The old seals had silicon gasket sealant smeared around their outer surfaces before insertion, presumably to keep water away from the metal surfaces and prevent premature rusting. Seems like a good idea, as does greasing the seals and guide inner surfaces to help the splined drive shafts find their location.

However, sealant on the seal casing also makes them slippery and more difficult to keep centred as they are inserted. It takes a quite a lot of effort in a confined space to insert the seals straight, since they are a tight fit, and I had to remove and reinsert one of them a couple of times to avoid fitting it crookedly. A pusher tool would certainly be more effective.

Mind the pinion gear, bearing seats and thumbs as you are wielding the hammer, damage to those would be expensive and/or painful.

Clean out all the resulting muck from the diff housing.

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A modified 40 mm high pressure water fitting would fit inside the body of the seal

Reassembling the Diff Carrier

Before reassembling the diff centre, ensure that the ring bolts and tapped holes in the ring gear are thoroughly cleaned and free of old Loctite.

Before the ring is refitted, the new gear set must be installed, with their thrust washers, and the cross shaft and roll pin inserted. Oil all the parts well before assembly and check for smooth rotation.

Installing the Differential Gears

You'll need about 15 fingers to hold the 4 gears and their thrust washers in the right place but it's not too difficult. Insert the side gears first on their washers, with the carrier horizontal so they can't fall out. Then insert both spider gears exactly 180º apart from either side of the carrier and walk them into the carrier case by turning both side gears in the same direction. If they are not exactly 180º apart on the side gears the cross shaft holes won't line up. I found it easier to slide the saucer shaped thrust washers in behind the spider gears after the gears were in place.

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Gears reinstalled in the carrier

Once all the gears are in place, centre the the spider gear washers with a finger and insert the cross shaft with the roll pin holes roughly in line. Use a thin bar to turn the cross shaft until the roll pin holes line up and drive in the roll pin. The differential gears are now complete, assuming they all turn smoothly.

 

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Driving the Roll Pin home to complete the assembly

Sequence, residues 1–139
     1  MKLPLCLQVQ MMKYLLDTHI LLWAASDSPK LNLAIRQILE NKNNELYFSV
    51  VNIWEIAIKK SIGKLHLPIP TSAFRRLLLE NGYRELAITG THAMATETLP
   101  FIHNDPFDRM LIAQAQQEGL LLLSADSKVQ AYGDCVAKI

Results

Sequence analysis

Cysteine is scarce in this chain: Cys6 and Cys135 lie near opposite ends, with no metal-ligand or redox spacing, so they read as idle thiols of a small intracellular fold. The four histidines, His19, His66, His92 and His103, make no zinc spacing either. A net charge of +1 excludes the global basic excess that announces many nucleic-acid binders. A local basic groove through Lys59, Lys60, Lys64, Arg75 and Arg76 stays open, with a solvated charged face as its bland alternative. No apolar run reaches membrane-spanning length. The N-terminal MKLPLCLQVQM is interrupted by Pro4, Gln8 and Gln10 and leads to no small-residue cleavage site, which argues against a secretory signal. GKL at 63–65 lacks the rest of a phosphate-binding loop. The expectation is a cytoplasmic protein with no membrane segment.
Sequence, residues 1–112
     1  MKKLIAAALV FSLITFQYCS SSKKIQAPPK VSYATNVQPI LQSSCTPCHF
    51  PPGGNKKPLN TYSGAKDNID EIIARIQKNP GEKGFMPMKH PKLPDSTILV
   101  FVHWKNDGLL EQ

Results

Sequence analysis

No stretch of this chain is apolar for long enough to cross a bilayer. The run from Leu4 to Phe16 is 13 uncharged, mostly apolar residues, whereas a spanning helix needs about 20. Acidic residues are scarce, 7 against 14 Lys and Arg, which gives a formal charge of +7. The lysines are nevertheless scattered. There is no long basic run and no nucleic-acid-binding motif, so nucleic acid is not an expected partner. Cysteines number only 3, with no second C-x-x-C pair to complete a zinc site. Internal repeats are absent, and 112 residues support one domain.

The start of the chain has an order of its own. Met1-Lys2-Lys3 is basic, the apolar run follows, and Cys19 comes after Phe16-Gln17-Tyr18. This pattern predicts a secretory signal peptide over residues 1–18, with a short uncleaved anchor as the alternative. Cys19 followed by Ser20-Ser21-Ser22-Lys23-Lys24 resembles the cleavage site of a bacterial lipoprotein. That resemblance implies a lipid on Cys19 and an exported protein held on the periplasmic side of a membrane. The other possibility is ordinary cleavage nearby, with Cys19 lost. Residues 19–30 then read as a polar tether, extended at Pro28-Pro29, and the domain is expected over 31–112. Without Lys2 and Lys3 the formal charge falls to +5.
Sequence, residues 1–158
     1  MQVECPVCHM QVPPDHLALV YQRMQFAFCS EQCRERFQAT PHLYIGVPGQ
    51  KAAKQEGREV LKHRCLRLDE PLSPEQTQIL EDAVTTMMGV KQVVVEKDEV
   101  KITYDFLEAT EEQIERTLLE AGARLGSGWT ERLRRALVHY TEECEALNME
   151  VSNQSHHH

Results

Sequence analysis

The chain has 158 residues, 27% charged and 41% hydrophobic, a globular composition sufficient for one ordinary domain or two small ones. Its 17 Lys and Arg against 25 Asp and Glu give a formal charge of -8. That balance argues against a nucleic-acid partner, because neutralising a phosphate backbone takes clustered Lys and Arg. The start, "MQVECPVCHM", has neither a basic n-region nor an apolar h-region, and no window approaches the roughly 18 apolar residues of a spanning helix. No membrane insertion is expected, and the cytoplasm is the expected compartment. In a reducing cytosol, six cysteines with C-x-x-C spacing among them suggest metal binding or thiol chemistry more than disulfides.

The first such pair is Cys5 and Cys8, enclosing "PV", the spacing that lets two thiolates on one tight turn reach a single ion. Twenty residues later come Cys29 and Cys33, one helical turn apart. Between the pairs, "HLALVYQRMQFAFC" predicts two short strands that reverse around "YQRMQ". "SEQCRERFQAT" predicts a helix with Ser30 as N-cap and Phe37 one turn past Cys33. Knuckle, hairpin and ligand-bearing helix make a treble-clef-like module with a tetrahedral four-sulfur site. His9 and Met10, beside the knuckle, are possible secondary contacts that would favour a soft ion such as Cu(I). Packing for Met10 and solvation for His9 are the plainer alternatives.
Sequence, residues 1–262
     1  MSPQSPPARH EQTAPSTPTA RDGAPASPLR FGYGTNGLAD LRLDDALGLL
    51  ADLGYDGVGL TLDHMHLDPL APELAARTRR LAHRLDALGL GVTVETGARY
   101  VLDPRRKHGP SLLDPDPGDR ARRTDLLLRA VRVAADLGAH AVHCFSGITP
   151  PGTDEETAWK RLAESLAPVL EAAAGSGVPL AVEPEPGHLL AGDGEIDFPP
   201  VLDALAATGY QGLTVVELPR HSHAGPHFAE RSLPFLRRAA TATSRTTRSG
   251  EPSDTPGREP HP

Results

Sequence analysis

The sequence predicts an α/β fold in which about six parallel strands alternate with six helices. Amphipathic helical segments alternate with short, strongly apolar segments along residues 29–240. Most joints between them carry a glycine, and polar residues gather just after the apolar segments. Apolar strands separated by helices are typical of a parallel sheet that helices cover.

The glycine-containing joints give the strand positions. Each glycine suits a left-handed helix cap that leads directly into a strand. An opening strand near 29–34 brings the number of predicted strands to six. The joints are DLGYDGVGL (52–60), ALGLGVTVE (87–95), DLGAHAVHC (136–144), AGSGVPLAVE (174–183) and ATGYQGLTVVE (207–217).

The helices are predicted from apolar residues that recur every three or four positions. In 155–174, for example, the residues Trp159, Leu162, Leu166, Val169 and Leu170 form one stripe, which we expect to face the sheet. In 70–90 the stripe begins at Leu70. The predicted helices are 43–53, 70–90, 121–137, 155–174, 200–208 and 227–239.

Installing the Ring Gear

The ring gear should be replaced in its original orientation (not sure why, it doesn't seem to be a balanced item, but that's what the manual says) and this can be determined from the imprint markings on the carrier made by the ring. There is a cut out on one side of the ring, presumably for oil flow, which will show up as a shadow on the carrier. I also took photos of the stamped markings to confirm it's location.

The manual also suggests replacing the 12 ring gear bolts, but they are very high tensile bolts (SAE Grade 8, equivalent to metric class 10.9) and if they are in good condition and not stretched or worn, the originals could be reused. On a rear diff, which is subject to a far higher and continuous load, I would certainly replace the bolts.

[BTW, if you are excited by such things, there is a very good Australian document on bolts (and fasteners in general) available for download from the James Glen Company here, or view an on-line version here].

The ring bolts need to be tightened alternately to 130 ft-lbs (176 Nm) and Loctited. A tight fitting socket is required (hex, not multi-point is preferred to avoid rounding the corners) and the carrier needs to be securely held in a large vice, preferably tied to something substantial to catch it if it breaks loose. Vice jaws have been known to snap off. Protect the exposed bearings while doing this.

My torque wrench only goes up to 110 ft-lbs so I tightened the bolts alternately to 110 ft-lbs and then used a longer bar to turn them all a fraction of a turn more, about 25º to 30º (1/12th of a turn max.). I reasoned that this would increase the torque to around 130 ft-lbs. Don't forget the Loctite and ensure you haven't missed out tightening any bolts, 12 is a lot to remember.

Reinstalling the Diff Carrier

Fully fitted with gears, the carrier is a bit of a handful to manage under the vehicle. It has to be manoeuvred around the tie rod, the bearing cups have to be fitted and held in place and the whole assembly inserted straight and level into the housing so that the pinion engages with the ring gear and the bearing cups locate correctly in their slots. And it's heavy and makes your arms ache.

The bearing cups had previously been rotating in their housing and caused a burn mark so I applied some Loctite 641 (bearing retaining compound) to the housing and bearing caps to stop them rotating.

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The differential installed in the carrier

 

It took me a couple of goes before I could locate the carrier properly, but I had the bolts and bearing caps ready to go so that when finally it slipped into place I could whip in a bolt to hold it there before it all fell out again. Had the diff carrier been a press fit requiring a diff spreader to remove it, I doubt that it could have been replaced in situ and the axle would have had to be removed first.

Once I had recovered my strength and confirmed that the gears all rotated correctly, I Loctited the bearing cap bolts and torqued them up to 80 ft-lbs. The bearing caps should be replaced in the same orientation as previously. They have stamped markings on to aid identification.

Fitting the Drive Shafts